I admire today’s guest. I introduced Christi Craig to you last week, when I had the honor of guest posting on her beautiful blog, Writing Under Pressure. In the wake of last week’s tragic events, and with the holiday season upon us, there’s been a lot of talk of giving of yourself. Rightfully so. Giving is admirable, but as Christi’s wonderful post today demonstrates, giving offers so much more. Read on, and you’ll admire her, too.
LESSONS FOR THE LEADER
Once a month, I gather around a table with eight to ten senior citizens and lead a creative writing class. This isn’t an ordinary writing group, and these folks aren’t your typical writers. Yes, they bring stories they’ve written based on the previous month’s prompt, and we read them aloud, discuss them briefly. But, we meet for only sixty minutes in a small room. There isn’t enough time or space to dig into the craft of writing, and the acoustics in the room make it difficult for everyone to hear 100%. Yet, this group of writers teaches me plenty about the craft and inspires me beyond the page. They are proof that the exercise of writing sometimes plays a different role than telling the perfect story or creating a moving essay.
The first time I met with this group, I worried about my age and fitting in (I am two generations younger than a few of them). I thought I’d start our meeting with introductions. I’d tell them my background, list my credentials, ask about each of them and what they enjoyed writing. I planned an ice-breaker, so that we’d all feel comfortable reading our stories out loud to each other. But, once everyone sat down, the clock became the focal point. “Aren’t we going to start reading?” Someone asked. “It’s 10:30.”
As leader of the group, and as a writer in general, I got caught up in proving my worth. But, these seniors reminded me that 1) time is of the essence (senior citizens keep a very busy calendar), and 2) we’d all get to know each other as we went along. Instead of talking about writing and storytelling, we serve ourselves better, at times, by getting down to business.
They’ve taught me about the nature of writing prompts, as well. My first prompt for them ran long and wordy. I listed several options to choose from, hoping to make the assignment easier. However, I made it much more difficult. They returned the next month with stories but expressed their frustration.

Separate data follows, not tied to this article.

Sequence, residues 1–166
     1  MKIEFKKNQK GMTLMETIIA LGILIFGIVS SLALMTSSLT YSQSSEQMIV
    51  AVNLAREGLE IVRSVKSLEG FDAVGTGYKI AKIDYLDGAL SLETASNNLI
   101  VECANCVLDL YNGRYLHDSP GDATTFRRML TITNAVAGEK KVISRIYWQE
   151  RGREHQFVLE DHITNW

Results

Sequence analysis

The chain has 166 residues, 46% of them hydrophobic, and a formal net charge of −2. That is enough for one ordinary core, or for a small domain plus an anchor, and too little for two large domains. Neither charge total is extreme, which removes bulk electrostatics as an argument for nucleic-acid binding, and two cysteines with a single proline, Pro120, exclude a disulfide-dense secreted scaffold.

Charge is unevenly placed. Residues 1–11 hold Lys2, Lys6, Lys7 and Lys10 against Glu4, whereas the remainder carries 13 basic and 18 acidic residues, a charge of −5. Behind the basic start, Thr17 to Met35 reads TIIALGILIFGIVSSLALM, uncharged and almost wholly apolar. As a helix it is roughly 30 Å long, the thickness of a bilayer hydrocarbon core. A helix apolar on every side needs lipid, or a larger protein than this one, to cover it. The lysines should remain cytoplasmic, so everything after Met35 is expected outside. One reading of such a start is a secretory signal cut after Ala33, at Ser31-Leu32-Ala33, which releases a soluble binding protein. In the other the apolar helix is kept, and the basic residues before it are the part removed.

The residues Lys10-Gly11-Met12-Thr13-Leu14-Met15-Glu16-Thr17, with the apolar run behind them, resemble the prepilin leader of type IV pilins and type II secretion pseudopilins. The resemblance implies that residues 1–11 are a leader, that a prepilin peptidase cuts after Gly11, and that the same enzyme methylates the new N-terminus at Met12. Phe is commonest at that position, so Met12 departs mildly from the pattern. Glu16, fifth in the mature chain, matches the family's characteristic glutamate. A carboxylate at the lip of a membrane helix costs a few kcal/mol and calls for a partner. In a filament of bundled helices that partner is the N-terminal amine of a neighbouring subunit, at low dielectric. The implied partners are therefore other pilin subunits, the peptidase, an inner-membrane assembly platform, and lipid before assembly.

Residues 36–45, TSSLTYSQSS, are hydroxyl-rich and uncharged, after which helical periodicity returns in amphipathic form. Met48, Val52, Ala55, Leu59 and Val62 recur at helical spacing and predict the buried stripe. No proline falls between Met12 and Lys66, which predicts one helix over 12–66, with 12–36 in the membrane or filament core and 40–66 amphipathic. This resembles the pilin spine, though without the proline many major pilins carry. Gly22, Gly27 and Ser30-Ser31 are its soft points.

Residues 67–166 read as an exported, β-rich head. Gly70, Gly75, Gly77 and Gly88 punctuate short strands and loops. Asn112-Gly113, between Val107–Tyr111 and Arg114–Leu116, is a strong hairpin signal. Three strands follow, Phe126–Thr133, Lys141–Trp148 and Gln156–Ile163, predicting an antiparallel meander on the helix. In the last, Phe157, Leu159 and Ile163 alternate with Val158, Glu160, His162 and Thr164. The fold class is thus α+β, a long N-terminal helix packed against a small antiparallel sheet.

I realized, then, that detailed prompts are confusing and kill the muse. My job as leader of the group isn’t to give them so many options that they freeze before they begin; I need only open the door for their stories to emerge. Now, my prompts are one sentence or less. And, I know they’re successful not by the quality of stories written, but by the responses that surround each story.
Most of the people who attend the class write personal essays. One woman is working on a collection of short fiction. Inevitably, someone shows up without anything to read. And, always, there is at least one new face at the table. Here’s where this group inspires me the most. When it’s time for the newcomer to share, the person apologizes for not bringing a story then follows with a similar response each time:
I have been here a year.
I have been here for three months.
I just moved in.
Everyone at the table smiles in understanding. You see, the heart of this group is in the fellowship. All are welcome, whether or not they love to write, whether or not they read a story. And, what happens around the table is magic. Someone reads a story about sending letters to a World War II soldier or moving into a 1940’s side by side home where the neighbor’s radio blares through the walls and entertains two families at once. Eyes light up, heads nod, and laughter erupts. Suddenly, a lively discussion breaks out. And, when the sixty minutes are over, people ask for the next prompt. They make sure they know when we’re meeting again.
I am a struggling writer, making my way slowly towards publication. Studying the craft tends to be my focus, but this group of seniors reminds me often that it doesn’t need to be the end goal in all of my affairs. They illustrate, in a beautiful way, the fact that putting pen to paper is simply a means to connect. Stories bring us together in a myriad of ways and inspire us to tell more, to listen more, to discover how we are the same, or to relate when we are different. And, that is the gift that comes from writing.
What insights or inspiration have you discovered lately?
Christi Craig, a native Texan living in Wisconsin, works by day as a sign language interpreter and moonlights as a writer. She leads a creative writing class at a retirement center in Milwaukee and a Roundtable at Redbird-Redoak Writing in Bay View, Wisconsin. As well, she is a regular contributor at Write It Sideways. Her stories and essays have appeared online and in print, and she was a Finalist in Glimmer Train’s Family Matters Competition. Visit her website, follow her on Twitter, or stop by her page on Facebook.